Inside The Numbers: Notre Dame Offense vs. Michigan Defense
No. 8 Notre Dame heads to Ann Arbor this weekend to take on the No. 20 Michigan Wolverines. It’s the second straight rivalry game for the Irish, who will look to improve their College Football Playoff resume.
Of course, a loss would be a resume killer.
Michigan is just 1-9 against Top 10 opponents under head coach Jim Harbaugh, but the Wolverines are an impressive 28-4 at home during his tenure, which is now in year five. Notre Dame head coach Brian Kelly is 0-2 at Michigan Stadium.
If Notre Dame wants to come away with a victory its offense will have to be at its best against a Michigan defense that is once again considered one of the nation’s best.
Let’s kick off our week-long analysis of this matchup with a look at how the Notre Dame offense stacks up on paper against the Michigan defense.
Notre Dame Scoring Offense vs. Michigan Scoring Defense
This is a matchup of strength vs. strength. From an efficiency standpoint, Notre Dame ranks 19th according to the Fremeau Efficiency Index and 17th according to the ESPN Football Power Index. Michigan’s defense ranks 17th according to the FEI and 20th according to the ESPN FPI.
Notre Dame holds the advantage in scoring, red zone and turnovers while the Wolverines hold the edge in total yards, yards per play and third-down. This game could ultimately come down to the team that wins this matchup.
Neither team has been tested by multiple top units on the opposite, but in those matchups Notre Dame has fared better.
Against opponents that rank in the Top 50 in defensive efficiency, Notre Dame has averaged 27.3 points per game, 372.0 yards per game and 5.5 yards per play. Against opponents that rank in the Top 50 in offensive efficiency, Michigan is allowing 31.5 points per game, 385.0 yards per game and 6.1 yards per play.
Notre Dame has averaged 29.3 points per game, 384.8 yards per game and 5.7 yards per play against opponents with a winning record. Michigan has allowed 22.0 points per game, 343.7 yards per game and 5.2 yards per play against opponents with a winning record.
The Irish offense was not overly impressive in either of its road games this season. It scored 35 points against Louisville, but the Irish offense wasn’t overly efficient, and it scored just 17 points in a road loss to Georgia.
Notre Dame holds a huge advantage in the red zone, but the question is can the Irish offense get the ball into the red zone enough times to take advantage.
Notre Dame Rush Offense vs. Michigan Rush Defense
This is another area where both teams are evenly matched on paper. Michigan holds an advantage in yards and yards per play, but Notre Dame holds the edge in touchdowns and tackles for loss (allowed).
Notre Dame got off to a good start in the opener, rushing for 230 yards (5.5 YPC) against the Cardinals. Over the next two games, the Irish averaged just 101.5 yards and 3.9 yards per rush. Things picked up over the next three games, with Notre Dame averaging 232.7 yards per game and 5.9 yards per rush.
That includes 157 yards and 4.2 yards per attempt against a Virginia defense that is giving up just 96 yards and 2.8 yards per rush during the season. Running back Tony Jones Jr. rushed for 131 yards and averaged 7.3 yards per rush in that matchup. Jones has rushed for over 100 yards in each of the last three games and is averaging 8.2 yards per rush during that stretch.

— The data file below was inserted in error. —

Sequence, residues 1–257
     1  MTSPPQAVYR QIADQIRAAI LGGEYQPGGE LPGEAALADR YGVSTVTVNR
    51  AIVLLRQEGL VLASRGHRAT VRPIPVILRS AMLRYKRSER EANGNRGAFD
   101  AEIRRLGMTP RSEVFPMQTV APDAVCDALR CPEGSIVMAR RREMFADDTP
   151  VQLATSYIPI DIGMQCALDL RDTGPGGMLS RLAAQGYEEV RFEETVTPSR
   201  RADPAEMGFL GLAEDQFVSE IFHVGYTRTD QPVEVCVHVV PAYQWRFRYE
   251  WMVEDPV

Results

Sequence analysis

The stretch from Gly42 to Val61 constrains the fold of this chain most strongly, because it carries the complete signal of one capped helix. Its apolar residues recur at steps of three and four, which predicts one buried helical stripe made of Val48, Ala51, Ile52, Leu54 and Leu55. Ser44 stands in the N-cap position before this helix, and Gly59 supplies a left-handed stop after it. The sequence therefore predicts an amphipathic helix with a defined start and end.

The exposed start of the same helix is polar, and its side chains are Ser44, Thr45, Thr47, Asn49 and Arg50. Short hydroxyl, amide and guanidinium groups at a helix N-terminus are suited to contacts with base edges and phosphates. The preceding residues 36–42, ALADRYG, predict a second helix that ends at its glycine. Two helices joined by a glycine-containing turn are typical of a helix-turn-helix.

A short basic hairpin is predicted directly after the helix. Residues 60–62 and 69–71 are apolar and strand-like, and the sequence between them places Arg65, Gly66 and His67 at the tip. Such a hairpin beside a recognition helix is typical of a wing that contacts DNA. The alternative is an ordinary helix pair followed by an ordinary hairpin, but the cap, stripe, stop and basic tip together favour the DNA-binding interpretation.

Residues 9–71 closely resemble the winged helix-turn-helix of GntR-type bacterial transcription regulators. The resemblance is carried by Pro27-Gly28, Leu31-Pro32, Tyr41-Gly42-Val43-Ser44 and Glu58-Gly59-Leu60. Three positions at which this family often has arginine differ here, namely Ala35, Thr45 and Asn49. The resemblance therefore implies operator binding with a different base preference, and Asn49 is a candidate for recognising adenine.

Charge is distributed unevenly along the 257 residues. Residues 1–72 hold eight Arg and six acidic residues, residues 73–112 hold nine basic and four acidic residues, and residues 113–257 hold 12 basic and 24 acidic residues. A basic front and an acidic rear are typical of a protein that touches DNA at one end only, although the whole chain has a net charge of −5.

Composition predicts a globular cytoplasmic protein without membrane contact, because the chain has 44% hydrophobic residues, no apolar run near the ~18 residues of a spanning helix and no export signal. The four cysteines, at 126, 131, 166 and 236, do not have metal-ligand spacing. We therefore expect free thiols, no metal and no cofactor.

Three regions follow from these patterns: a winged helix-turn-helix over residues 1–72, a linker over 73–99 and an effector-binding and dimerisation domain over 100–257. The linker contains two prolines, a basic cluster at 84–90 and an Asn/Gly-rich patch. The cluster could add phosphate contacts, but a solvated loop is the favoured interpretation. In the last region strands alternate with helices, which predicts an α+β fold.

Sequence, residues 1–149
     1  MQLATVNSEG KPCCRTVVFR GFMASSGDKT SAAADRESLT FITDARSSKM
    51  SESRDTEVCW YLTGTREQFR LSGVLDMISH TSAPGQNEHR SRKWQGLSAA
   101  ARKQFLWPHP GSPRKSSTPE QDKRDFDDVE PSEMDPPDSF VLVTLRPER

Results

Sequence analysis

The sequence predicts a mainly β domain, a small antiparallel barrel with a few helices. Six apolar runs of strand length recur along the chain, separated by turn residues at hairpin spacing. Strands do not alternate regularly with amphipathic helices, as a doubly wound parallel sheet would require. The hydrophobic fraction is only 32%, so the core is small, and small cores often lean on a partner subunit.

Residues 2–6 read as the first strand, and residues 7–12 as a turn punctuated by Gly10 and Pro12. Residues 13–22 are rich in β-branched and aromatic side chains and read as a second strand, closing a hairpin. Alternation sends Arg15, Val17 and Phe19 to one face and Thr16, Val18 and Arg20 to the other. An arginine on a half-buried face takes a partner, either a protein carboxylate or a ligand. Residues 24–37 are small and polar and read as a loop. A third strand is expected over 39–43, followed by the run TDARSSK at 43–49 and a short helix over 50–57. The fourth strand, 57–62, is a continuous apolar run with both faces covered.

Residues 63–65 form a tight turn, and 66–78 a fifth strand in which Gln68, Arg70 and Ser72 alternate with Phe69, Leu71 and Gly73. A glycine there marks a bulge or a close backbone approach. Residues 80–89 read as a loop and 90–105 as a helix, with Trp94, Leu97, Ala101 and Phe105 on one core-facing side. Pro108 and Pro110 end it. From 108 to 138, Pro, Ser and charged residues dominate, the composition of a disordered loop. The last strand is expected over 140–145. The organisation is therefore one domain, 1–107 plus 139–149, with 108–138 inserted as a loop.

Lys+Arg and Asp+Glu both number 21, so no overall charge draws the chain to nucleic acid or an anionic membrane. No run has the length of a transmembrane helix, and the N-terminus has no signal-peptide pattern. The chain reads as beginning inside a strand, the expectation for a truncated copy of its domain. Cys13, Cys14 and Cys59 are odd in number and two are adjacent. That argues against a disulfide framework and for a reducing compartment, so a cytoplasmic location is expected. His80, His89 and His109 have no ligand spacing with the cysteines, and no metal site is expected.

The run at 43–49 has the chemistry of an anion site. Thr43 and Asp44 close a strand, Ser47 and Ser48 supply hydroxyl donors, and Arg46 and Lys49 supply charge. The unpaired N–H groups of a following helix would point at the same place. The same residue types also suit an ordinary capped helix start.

The story for Michigan is similar, it was good in the opener, holding Middle Tennessee to just 67 yards (2.4 YPC) on the ground. Over the next two games, Michigan gave up 279.5 yards per game and 4.7 yards per rush. Wisconsin rushed for 359 yards and averaged 6.3 yards per attempt in its 35-14 victory over the Wolverines.
Since that game, Michigan has given up just 53 yards per game and 1.6 yards per carry, although those four opponents rank between No. 52 (Penn State) and No. 116 in rushing offense.
Notre Dame Pass Offense vs. Michigan Pass Defense
Advantage: Notre Dame
Michigan’s pass defense numbers should give it the advantage, but when you dive deeper into the data it becomes clear why the Irish are given the edge.
Michigan has not played a single Top 40 pass offense all season from a yards standpoint, and it has played just two opponents that rank in the Top 50 in pass efficiency offense. In those two contests, Michigan has allowed opposing quarterbacks to complete 65.9 percent of their passes and allowed a 153.51 passer rating.
The Wolverines allowed 7.6 yards per attempt and 11.5 yards per completion in those games.
Michigan gave up three passing touchdowns and 13.0 yards per completion against Penn State this past weekend, and the Nittany Lions are the only team with a group of receivers and tight ends that compare to what they will face against Notre Dame.
Notre Dame, however, has faced two pass defenses and two secondaries (Georgia, Virginia) that are superior to Michigan’s. The Irish didn’t light the world on fire in either game, but quarterback Ian Book completed 63.9 percent of his passes in those games and threw for 275 yards in the road loss to Georgia.
In the past three seasons only two quarterbacks have passed for more yards against Georgia than did Book, and one of those quarterbacks was Baker Mayfield of Oklahoma.
Two keys in this game will be how Notre Dame utilizes its combination of size (Chase Claypool, Cole Kmet) and speed (Braden Lenzy, Michael Young, Lawrence Keys III) against the Michigan secondary. The other is Michigan’s aggressive pass rush/blitz schemes against the Notre Dame offensive line.